More than three years later, here’s what that burning bush looks like now…
Trim Your Bushes WAY Back… Part 2
Updated : August 4, 2020
The Most Fun You Can Have With Your Bibs On!
More than three years later, here’s what that burning bush looks like now…
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I have a “dwarf” lilac which is huge and absolutely taking over my flower bed and also blocking sun from other flowers. I understand the best time to prune it is after it’s bloomed (so, basically now, mid-June) but I’m afraid I’ll do something to harm it. Any hints or info you can give me will be greatly appreciated!!!
The best time to prune it, especially if pruning severely, is after Thanksgiving when the plant is dormant. You can prune it now, but heavy pruning should be done when dormant. The simple answer is to wait and prune all you want. Right now the plant is distracting the rest of the landscape so you have to decide to take a shot at cutting it way back. Should be fine, but I can’t guarantee anything.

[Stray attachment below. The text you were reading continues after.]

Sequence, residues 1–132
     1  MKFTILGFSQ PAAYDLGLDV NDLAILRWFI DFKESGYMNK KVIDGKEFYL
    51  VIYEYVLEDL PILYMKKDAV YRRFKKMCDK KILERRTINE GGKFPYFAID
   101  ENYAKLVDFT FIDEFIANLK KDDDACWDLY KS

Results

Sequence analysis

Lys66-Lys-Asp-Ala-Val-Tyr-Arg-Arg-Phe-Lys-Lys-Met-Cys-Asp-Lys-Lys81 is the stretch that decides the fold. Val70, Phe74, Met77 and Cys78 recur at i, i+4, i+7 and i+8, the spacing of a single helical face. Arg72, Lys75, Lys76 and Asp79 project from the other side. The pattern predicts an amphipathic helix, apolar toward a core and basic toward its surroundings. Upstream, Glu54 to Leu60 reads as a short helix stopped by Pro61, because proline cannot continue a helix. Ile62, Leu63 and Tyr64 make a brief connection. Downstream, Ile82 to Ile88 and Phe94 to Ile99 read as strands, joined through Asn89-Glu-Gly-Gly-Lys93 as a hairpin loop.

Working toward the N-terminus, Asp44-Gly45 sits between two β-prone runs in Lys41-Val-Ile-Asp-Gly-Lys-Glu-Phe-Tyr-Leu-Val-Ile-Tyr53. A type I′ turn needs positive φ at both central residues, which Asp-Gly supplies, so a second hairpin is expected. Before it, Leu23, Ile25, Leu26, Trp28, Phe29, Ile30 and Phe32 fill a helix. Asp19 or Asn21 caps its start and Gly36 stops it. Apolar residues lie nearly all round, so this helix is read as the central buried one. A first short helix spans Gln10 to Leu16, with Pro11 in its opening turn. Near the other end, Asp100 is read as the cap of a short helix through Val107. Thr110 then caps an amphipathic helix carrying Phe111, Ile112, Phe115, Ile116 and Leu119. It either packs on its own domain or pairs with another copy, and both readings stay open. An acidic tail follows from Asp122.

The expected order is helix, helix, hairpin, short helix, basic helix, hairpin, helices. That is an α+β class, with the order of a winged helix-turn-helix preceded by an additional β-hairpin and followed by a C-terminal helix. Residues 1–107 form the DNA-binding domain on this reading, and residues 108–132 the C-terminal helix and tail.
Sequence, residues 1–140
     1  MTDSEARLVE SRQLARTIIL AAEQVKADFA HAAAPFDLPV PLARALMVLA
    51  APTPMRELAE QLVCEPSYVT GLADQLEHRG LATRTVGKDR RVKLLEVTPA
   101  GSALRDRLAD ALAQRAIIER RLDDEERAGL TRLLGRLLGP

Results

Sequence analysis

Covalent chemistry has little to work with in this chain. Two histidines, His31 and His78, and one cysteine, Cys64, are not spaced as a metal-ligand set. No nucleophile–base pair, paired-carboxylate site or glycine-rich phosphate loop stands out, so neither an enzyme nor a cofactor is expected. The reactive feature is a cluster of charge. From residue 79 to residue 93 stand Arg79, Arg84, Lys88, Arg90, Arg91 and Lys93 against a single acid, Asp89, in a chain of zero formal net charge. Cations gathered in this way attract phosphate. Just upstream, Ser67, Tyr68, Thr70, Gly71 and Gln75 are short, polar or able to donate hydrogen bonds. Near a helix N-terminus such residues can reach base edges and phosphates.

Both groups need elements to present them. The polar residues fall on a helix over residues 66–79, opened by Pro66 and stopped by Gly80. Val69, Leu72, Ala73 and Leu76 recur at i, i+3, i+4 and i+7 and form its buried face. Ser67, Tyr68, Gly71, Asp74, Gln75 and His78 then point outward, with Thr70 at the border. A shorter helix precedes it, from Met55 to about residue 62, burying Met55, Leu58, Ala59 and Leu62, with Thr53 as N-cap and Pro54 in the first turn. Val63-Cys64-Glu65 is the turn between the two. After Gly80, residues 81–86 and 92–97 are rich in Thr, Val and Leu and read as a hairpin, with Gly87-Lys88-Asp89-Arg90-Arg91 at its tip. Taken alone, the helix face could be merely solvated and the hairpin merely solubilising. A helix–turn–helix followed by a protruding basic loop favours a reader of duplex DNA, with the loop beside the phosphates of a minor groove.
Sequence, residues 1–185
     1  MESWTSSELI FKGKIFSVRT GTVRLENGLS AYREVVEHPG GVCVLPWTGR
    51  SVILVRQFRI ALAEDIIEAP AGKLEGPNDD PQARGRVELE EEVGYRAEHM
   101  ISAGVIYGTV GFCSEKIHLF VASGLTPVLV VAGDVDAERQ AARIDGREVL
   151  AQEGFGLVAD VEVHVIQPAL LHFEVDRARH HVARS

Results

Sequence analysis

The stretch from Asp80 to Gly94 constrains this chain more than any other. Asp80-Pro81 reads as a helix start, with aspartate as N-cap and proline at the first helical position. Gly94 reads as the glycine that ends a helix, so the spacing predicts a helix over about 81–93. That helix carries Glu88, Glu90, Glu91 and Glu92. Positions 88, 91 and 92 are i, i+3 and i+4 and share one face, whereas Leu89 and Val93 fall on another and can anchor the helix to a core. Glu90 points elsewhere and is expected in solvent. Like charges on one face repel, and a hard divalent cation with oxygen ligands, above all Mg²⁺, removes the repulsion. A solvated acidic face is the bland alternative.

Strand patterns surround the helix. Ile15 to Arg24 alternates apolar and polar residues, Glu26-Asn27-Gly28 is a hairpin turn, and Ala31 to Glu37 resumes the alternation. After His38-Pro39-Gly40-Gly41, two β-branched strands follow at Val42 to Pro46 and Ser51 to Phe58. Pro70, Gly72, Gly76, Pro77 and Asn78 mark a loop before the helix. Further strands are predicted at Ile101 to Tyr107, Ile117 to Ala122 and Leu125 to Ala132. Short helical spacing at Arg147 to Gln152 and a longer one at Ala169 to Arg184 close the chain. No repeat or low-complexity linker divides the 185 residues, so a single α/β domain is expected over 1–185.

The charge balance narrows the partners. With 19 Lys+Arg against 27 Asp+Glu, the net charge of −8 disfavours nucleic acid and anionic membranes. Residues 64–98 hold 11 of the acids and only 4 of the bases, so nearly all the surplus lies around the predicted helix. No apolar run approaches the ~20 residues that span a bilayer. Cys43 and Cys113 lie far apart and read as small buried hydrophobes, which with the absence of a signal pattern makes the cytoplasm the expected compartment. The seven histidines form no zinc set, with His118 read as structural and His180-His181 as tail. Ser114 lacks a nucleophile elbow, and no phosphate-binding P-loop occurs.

Charline Jolly says
I have a leggy Spirea on my property line. My neighbor and I cut it to 3 or 4″ above the ground. It bounced right back in the Spring and bloomed like crazy.
Melissa Robins says
I have very over grown gardenias. Most of the leaves are on the top third of the bush. They have just finished blooming. Can I cut them way down, now.
I’m not sure, waiting until the end of season would be the safest but I suspect if you cut them now they’d be fine.
Hi Mike, Big Fan…I have horsetail…Yikes. My research tells me it takes years to get rid of and the roots can go down six feet. This year it has taken over we tried to burn it this year. Came back within 3 weeks. Help!!!
See this; https://www.co.thurston.wa.us/health/ehipm/pdf/horsetail.pdf
Sharon Mullinix says
Hi Mike, thanks for your great videos. I have a Japanese Maple that is too close to the house. It’s taller than the two story roofline and is only a few feet from the foundation. I’d like to either take it out or cut it way back. It has lots of leaves about 4 feet off the ground and a lot on top but the middle is really sparse. So it’s pretty ugly. Suggestions.
You can cut it back, but if it’s that close to the house you might want to remove it.